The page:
“I like how you inferred the answer to your question.”
These are all things I’ve said to students in the interest of giving them feedback, bolstering their self-esteem, and praising their use of strategies in the classroom. But I’m currently reading What Readers Really Do: Teaching the Process of Meaning Making by Barnhouse and Vinton, and they’re making me question these types of statements to kids.
When we evaluate student’s responses as being either good or bad, we subtly assume control of the learning. We become the keeper of the knowledge, the one who determines if an answer is “right” or not.
For instance, one day during a unit on inferring I read The Three Little Pigs and the Big Bag Wolves to a group of 2nd graders, and led them in using context clues and background knowledge to infer the meaning of unfamiliar words. As I turned a page partway through the book, a picture of the wolves playing badminton in front of their concrete bunker revealed itself to the children. When I read that the characters enjoyed a game of “shuttledore and battlecock” outside their new home, one boy exclaimed, “That’s just badminton!”
Here’s where I messed up. I simply said, “You’re right!”, saw the nods from the other students, and continued to read. However, Barnhouse and Vinton argue that my simple statement positioned me as the “one who knows the answers”. In classrooms where this is the norm, students will continuously search for the “right” answer that will please the teacher. They usually end up thinking there’s only one right answer.
Instead, these authors argue, I should have simply asked, “What made you say that?” That simple statement gives control back to the student and forces him to search within himself to describe his inferring process.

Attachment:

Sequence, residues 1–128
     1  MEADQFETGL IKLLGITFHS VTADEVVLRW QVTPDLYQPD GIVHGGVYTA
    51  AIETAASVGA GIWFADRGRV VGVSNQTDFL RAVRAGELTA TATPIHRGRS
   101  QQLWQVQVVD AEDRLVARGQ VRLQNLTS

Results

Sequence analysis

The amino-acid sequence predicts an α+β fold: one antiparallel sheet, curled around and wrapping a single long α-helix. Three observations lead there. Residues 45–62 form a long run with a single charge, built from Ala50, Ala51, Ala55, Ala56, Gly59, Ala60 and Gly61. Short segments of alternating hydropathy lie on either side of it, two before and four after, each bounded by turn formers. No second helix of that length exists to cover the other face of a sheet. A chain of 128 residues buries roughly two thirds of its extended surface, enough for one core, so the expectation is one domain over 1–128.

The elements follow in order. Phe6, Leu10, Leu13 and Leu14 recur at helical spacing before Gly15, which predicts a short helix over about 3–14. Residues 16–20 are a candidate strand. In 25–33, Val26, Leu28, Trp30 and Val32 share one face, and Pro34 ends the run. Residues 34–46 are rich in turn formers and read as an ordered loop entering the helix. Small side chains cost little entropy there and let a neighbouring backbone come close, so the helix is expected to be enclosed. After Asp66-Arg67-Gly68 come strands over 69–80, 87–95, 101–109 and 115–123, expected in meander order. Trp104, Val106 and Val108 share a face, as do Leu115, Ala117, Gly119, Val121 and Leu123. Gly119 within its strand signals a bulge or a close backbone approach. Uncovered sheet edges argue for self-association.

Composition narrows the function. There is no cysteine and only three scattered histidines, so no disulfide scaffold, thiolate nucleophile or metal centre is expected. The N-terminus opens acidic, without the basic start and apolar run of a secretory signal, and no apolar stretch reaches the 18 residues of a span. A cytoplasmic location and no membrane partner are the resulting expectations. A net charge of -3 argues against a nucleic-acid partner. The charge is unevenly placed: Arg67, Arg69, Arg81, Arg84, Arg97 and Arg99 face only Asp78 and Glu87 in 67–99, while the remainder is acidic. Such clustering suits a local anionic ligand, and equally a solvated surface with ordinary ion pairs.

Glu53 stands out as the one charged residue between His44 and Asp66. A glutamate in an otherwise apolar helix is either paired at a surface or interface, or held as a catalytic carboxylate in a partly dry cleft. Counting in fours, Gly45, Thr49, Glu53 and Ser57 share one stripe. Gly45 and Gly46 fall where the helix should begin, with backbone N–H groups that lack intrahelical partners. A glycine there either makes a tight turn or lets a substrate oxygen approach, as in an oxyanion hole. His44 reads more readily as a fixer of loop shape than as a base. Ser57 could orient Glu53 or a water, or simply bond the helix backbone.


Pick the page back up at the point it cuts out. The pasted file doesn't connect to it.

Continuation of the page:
If I’d said that during my read aloud he might have responded, “Well, that’s what’s in the picture.” I imagine, these being 2nd graders, that I’d have to have given some good wait time, or even said, “Tell me more” in order for him to explain that he’d played badminton in P.E. last year, he’d used rackets and the funny little cone-shaped ball, and so he was drawing from his own schema to infer the meaning of the unfamiliar words “battledore and shuttlecock”.
Those simple little words, “What made you say that?” have the potential to be so powerful. They take away the easy answer, the search for the one “right” answer, and force the student to be an active, reflective participant in their own learning. And they force us teachers to dig deeper, listen more, and be willing to accept multiple answers. If school is about teaching kids to think, we have to make room for kids to do just that.